>endeavors provided a way to cope with the tragedy. Mr.
    >Macdonald said the New York meeting with his peers was
    >therapeutic, and Ms. Kresh said mounting the $100,000
    >archiving project was "also a way to work through it
    >emotionally and intellectually."
    >David Silver, director of the Resource Center for
    >Cyberculture Studies at the University of Washington, said:
    >"As we go online more and more, elements of our everyday
    >lives also go online. We see thousands of people waving
    >flags in a park and we see protests, but a lot of this
    >action is also online. It's important to capture this
    >historical moment."
    >For information on advertising in e-mail newsletters
    >or other creative advertising opportunities with The
    >New York Times on the Web, please contact Alyson
    >Racer at alyson@nytimes.com or visit our online media
    >kit at http://www.nytimes.com/adinfo
    >For general information about NYTimes.com, write to
    >Copyright 2001 The New York Times Company
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    --[3]------------------------------------------------------------------ Date: Wed, 17 Oct 2001 10:05:22 +0100 From: ubiquity <ubiquity@HQ.ACM.ORG> Subject: Ubiquity 2.32

    ~~~~~~~~~~~~~~~~~~~~~~~~~~~~~~~~~~~~~~~~~~~~~~~~~~~~~~~~~~~~~~~~~~ Ubiquity: A Web-based publication of the ACM Volume 2, Number 32, Week of October 15, 2001

    In this issue:

    Views --

    What Would Justice Brandeis Say?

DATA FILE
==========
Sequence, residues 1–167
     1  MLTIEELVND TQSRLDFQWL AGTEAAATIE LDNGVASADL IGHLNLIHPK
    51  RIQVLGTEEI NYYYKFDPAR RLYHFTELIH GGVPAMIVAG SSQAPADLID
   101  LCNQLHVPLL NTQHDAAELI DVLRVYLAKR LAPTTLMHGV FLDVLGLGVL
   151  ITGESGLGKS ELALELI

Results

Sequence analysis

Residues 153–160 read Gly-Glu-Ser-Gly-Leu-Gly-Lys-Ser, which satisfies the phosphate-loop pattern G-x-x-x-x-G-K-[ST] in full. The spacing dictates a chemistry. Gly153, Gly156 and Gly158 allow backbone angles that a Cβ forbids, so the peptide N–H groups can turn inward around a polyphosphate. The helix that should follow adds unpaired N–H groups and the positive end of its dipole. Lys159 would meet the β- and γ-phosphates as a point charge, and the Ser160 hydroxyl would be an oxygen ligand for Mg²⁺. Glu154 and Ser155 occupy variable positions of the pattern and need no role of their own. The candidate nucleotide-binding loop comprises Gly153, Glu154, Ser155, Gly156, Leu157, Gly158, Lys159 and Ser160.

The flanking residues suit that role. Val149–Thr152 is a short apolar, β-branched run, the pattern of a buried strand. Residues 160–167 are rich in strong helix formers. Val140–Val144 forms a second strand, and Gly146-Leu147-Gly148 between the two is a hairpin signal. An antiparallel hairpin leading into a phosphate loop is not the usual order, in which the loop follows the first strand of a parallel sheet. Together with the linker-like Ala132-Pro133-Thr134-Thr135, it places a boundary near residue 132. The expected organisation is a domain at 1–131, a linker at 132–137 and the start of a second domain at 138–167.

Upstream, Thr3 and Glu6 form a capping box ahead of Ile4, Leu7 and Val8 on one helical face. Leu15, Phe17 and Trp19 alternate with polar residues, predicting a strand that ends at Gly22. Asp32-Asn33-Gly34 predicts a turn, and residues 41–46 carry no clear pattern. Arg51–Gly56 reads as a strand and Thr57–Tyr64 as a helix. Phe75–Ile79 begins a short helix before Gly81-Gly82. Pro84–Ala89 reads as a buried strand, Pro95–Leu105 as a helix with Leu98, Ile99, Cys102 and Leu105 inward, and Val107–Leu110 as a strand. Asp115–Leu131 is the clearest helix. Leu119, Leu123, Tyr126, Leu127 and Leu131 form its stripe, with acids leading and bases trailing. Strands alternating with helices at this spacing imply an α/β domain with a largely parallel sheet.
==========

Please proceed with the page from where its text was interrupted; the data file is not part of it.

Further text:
Institutions of higher education should help define technology limits and avoid further shrinking the realm of privacy. By Robert C. Heterick http://www.acm.org/ubiquity/views/r_heterick_4.html

    Perfect Choice

    Information age consumers are more interested in perfect choice than perfect competition. They want a wide product selection, choice in how they buy, and customization of products and services to fit their preferences. By Richard T. Watson http://www.acm.org/ubiquity/views/r_watson_2.html


    Ubiquity welcomes the submissions of articles from everyone interested in the future of information technology. Everything published in Ubiquity is copyrighted 2001 by the ACM and the individual authors.

    To submit feedback about ACM Ubiquity, contact ubiquity@acm.org. Technical problems: ubiquity@hq.acm.org.

    For the full issue of ACM Ubiquity: <http://www.acm.org/ubiquity/>

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    --[4]------------------------------------------------------------------ Date: Wed, 17 Oct 2001 10:08:13 +0100 From: Willard McCarty <willard.mccarty@kcl.ac.uk> Subject: Collectors, Collections and Scholarly Culture